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Dear 40,

I can honestly say I never really thought we’d get together.  I mean, it’s not like I didn’t think I’d survive to reach the age of 40, but it always felt like you were so far away and that somehow, I would just stay 28 forever.

It’s not that I’m afraid of you, 40.  It’s just… complicated.

Okay, here’s the deal. I really do believe age is just a number.  As I mentioned earlier, in many ways I still see myself as being 28.  Though I guess that over the last few years I now think 32ish might be more accurate.  So, in many ways I am totally fine with you and have no problem with the two of us now meeting.

But then there’s society with its norms, standards, and stereotypes.  Everywhere we look we are told that 40 is “old”, especially if you are a woman.  That it’s a huge turning point where you go from being young at heart to officially being a mature (read: boring) adult.  There’s also this idea that by the time you reach 40 you should have all of your shit together.  You should be married (happily), have a family (with each member being happy), and your career should be figured out (happily making you plenty of money).  All of your growth and innovation should be taken care of and now you just ride the wave of that hard work.

I’m not naïve enough to actually believe any of that.  After all, I just started a business six months ago and plan on growing and innovating with that for years to come.  I also got married at 38 and still haven’t had a child.  I know there is still so much yet to come.

But I also know my body and my life are changing, perhaps now more rapidly than before.  Women simply can’t have biological children forever. Physically we have a limit.  We all reach it at different points and now mine might be nearing.  That part flat out sucks.  Especially when you finally meet your person at 35 (and a half).

My own fertility, or lack thereof (it’s still too soon to tell) is something I am going to have to work on dealing with and accepting.  And that will not be easy.  It’s also likely the source of all of my issues with you, 40.  You’re taking away some of the physical options that mentally and realistically I am just now ready to begin.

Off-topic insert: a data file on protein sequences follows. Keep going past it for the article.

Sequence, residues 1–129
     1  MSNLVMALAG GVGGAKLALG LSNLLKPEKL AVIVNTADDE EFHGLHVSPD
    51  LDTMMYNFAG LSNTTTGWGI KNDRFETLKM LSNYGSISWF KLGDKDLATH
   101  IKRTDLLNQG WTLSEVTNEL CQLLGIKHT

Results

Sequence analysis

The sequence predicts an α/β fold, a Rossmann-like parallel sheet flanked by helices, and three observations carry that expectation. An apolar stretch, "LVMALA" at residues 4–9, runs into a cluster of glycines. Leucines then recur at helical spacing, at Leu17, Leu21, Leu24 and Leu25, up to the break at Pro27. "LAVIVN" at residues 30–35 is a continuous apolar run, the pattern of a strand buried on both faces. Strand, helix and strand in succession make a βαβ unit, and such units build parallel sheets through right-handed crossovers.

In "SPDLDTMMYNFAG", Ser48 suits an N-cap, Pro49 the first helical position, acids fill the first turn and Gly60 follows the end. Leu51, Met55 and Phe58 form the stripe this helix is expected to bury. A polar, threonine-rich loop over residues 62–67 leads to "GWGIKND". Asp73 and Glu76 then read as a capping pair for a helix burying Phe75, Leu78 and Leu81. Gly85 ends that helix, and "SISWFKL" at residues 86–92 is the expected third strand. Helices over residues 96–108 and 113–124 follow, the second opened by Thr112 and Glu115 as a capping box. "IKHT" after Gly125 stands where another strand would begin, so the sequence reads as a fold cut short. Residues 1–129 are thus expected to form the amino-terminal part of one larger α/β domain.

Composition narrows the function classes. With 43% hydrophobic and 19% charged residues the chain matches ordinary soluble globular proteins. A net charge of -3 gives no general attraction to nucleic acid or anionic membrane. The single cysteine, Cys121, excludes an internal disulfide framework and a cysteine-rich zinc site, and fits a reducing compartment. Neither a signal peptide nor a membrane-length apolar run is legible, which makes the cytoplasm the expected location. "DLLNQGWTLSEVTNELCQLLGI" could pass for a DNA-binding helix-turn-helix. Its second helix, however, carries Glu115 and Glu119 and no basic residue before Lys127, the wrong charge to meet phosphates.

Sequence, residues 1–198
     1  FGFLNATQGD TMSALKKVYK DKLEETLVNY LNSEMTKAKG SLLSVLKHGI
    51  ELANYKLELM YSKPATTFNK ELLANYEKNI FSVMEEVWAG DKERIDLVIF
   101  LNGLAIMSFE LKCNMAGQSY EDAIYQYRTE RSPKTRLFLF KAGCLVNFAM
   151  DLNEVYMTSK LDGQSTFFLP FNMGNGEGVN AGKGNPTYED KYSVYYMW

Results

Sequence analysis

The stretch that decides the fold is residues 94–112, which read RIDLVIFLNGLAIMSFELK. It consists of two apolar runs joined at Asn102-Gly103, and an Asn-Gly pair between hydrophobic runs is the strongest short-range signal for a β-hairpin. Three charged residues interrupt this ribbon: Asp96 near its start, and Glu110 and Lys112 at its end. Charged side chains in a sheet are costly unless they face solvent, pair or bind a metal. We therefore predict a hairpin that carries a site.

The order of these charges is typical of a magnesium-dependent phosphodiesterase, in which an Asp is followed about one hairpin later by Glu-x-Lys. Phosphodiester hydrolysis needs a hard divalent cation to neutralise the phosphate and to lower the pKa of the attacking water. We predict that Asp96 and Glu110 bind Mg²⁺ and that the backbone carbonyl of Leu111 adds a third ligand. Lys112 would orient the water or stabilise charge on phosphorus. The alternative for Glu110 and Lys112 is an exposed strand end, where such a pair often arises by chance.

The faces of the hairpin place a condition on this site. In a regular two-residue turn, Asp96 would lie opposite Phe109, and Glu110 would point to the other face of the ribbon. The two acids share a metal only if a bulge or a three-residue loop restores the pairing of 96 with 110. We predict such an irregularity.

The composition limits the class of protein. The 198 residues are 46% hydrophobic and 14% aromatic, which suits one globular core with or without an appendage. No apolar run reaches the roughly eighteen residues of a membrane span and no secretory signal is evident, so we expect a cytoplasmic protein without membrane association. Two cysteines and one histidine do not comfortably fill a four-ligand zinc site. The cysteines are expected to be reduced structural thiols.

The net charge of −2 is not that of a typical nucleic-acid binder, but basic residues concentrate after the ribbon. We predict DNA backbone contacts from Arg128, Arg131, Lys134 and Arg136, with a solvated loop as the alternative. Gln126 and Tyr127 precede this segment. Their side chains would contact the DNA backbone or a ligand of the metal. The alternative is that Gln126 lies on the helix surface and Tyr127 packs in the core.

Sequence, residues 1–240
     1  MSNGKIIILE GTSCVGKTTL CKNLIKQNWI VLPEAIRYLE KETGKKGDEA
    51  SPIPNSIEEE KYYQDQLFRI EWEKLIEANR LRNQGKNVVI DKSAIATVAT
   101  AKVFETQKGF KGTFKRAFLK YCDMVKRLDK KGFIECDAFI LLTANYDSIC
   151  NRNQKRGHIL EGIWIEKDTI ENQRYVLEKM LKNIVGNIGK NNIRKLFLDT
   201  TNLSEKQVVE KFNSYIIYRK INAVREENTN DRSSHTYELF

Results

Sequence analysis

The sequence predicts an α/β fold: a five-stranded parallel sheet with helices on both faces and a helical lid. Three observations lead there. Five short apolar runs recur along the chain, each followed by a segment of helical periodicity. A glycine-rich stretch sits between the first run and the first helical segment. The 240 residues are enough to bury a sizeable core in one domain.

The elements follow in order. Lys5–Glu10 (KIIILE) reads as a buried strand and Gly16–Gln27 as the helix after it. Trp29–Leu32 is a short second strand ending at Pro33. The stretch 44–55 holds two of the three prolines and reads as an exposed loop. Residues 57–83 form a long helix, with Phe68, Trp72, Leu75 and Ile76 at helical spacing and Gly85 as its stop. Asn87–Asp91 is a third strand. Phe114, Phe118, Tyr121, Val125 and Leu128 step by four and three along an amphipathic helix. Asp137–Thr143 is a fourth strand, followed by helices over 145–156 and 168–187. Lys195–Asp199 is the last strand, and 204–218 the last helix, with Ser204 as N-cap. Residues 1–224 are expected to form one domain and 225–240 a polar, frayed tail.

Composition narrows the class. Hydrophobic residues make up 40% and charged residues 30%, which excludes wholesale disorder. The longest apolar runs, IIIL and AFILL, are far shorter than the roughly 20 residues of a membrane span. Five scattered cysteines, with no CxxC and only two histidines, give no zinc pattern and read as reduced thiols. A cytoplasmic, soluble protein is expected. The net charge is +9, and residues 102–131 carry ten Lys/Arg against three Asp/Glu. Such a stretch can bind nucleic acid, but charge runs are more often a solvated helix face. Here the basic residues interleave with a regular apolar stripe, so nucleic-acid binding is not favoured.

But in so many ways you are exactly what I need and what I am ready for.  I have learned so much and grown in ways I never expected over the last 40 years, and especially over the last 10.  I remember when people freaked out about turning 30.  Yet my 30s were so much better than my 20s and you couldn’t pay me now to go back to either.  I don’t want to give up the knowledge I have gained—no, that I have earned.  Life has often not been easy, but I managed my way through and for that I am grateful and proud.

Thanks to these 40 years I know more of who I am and where I want to fit in this life I’ve created.  I know many of my strengths and I also have identified many of my weaknesses.  I no longer see friendships from a quantity standpoint but rather for quality.  And those that don’t apply are let go.

I married a man who is in every way my ideal match.  He grounds me and inspires me, encourages me and comforts me.  He makes me a better person in every possible way.  He is everything I always wanted in a partner but didn’t know actually existed outside of movies and books.  My only problem with it all is why it took so damn many years to find him. And yet, over a decade ago this may not have worked.  As Marc often tells me, at 28 he wouldn’t have known how to treat me in the way I deserve to be treated.  And truth be told, at 28 I wouldn’t have known to demand it.

I think it’s important to acknowledge the challenges your milestone brings, 40, because getting older isn’t always easy.  And when we keep trying to pump each other up by saying it’s just a number and doesn’t really matter we aren’t covering the entire story, especially for women.  And our complicated feelings toward you, 40, deserve to be acknowledged and validated.

But I also believe you deserve far more credit than you typically get.  You aren’t really all that scary or intimidating.  And you definitely don’t mean the best of my life has already happened.  

You, 40, mean that I have lived through some stuff.  I mean some real and difficult stuff.  You can’t spend four decades on this planet without stuff happening.  That stuff is different for each of us, but it means we have lived.  And it’s a reminder that we will continue to live.  And because of all of that stuff hopefully we’ll know how to live better. And bigger.  And bolder.

When I was 30, I didn’t really know who I was.  A decade later I’m still figuring it out—and will always be figuring it out—but I have 10 more years of data and experience with which to work.  And that is invaluable.

So, here we go, 40.  I can’t promise I’ll always be thrilled to now be in your club, but I can say with conviction that I have earned this membership.  And I promise to use it well and with purpose.  Because I deserve all the great things to come.




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